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Senate again fails to override Trump’s border wall emergency declaration

The Republican-controlled Senate failed on Thursday to overturn President Donald Trump’s national emergency declaration he has used to pay for a wall on the US-Mexico border.

Trump announced the emergency in February after failing to persuade Congress to appropriate additional funding to build the wall, one of his main campaign promises in 2016. Congress then rejected it and Trump responded with his first veto. By law, Congress can try to block the declaration every six months but has failed to override the President’s decree.

Thursday’s vote was 53-36 to reject the emergency declaration, well short of the two-thirds majority necessary to override a veto in the Senate. Ten Republicans sided with 43 Democrats, including GOP Sens. Susan Collins of Maine, Roy Blunt of Missouri, Mike Lee of Utah, Lisa Murkowski of Alaska, Rand Paul of Kentucky, Rob Portman of Ohio, Mitt Romney of Utah, Marco Rubio of Florida, Pat Toomey of Pennsylvania and Roger Wicker of Mississippi.

The Pentagon has already authorized the diversion of $3.6 billion from 127 military construction projects around the world to pay for 11 wall projects on the US southern border. Senate Democrats have highlighted specific projects the Trump administration is expected to delay, including schools for the children of military families, European Deterrence Initiative projects aimed to deter Russia, and hundreds of millions of dollars for projects in Puerto Rico and Guam.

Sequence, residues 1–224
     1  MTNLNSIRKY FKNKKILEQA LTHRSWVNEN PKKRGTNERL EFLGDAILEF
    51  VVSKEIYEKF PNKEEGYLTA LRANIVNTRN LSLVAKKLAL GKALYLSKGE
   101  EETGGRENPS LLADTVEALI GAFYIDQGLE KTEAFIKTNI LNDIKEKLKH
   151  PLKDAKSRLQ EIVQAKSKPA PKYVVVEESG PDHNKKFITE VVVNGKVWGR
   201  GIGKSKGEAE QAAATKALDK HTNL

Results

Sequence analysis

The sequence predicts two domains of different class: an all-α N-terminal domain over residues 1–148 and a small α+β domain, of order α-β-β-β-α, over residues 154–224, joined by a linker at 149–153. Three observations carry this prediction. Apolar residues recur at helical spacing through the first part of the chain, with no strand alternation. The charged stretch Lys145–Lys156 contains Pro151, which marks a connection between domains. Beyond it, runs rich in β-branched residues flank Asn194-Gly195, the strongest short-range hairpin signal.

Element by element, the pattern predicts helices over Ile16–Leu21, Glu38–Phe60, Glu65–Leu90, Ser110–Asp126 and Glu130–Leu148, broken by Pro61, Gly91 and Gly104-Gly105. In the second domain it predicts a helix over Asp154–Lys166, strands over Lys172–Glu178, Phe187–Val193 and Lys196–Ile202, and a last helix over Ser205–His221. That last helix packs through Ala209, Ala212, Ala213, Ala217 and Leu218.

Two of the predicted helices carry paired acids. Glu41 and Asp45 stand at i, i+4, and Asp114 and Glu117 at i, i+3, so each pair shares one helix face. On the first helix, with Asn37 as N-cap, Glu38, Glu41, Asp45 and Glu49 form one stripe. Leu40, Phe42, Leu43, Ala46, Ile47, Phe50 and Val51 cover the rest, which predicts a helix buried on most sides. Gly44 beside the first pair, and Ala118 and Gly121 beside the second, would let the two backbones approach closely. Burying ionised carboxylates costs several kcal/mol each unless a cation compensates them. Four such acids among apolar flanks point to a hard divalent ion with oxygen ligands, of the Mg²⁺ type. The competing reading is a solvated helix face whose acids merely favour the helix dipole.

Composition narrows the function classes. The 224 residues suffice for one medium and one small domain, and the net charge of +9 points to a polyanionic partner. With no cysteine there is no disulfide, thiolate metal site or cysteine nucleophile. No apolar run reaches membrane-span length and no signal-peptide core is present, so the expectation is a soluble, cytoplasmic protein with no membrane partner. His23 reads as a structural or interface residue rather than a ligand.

“The President’s emergency declaration is an unconstitutional power grab,” said Sen. Tom Udall, D-New Mexico, on Thursday.

In a message sent to the Senate earlier this week, Trump wrote, “the situation on our southern border remains a national emergency, and our Armed Forces are still needed to help confront it.”

He added that the Senate resolution would “impair the government’s capacity to secure the Nation’s southern borders against unlawful entry and to curb the trafficking and smuggling that fuels the present humanitarian crisis.”

The vote comes ahead of a crucial government spending deadline on November 21.

Senate Republicans also blocked a joint resolution disapproving of the Trump administration’s decision to replace former President Barack Obama’s Clean Power Plan with the new Affordable Clean Energy rule, which doesn’t mandate a shift away from coal plants, but instead seeks to reduce carbon dioxide emissions through state and industry initiatives. The vote was 41 to 53.

Senate Majority Leader Mitch McConnell called the Clean Power Plan a “dangerous, misguided policy that the Trump administration has rightly done away with” and a “job-killing scheme.”

Three Democrats — Sens. Doug Jones of Alabama, Joe Manchin of West Virginia and Kyrsten Sinema of Arizona — voted against the resolution. Manchin said the vote put “politics over solutions” and criticized both rules in favor of “developing and deploying the technologies vital to solving climate change, from carbon capture and utilization and solar power to energy efficiency and storage technologies.”

One Republican — Collins — voted for the disapproval resolution.

Collins, who is up reelection next year, said in a statement that the Trump administration rule is “a step in the wrong direction,” calling climate change “a significant risk that threatens Maine’s working forests, fishing, and agricultural industries, as well as tourism and recreation and our coastal communities.”

Article Topic Follows: Politics

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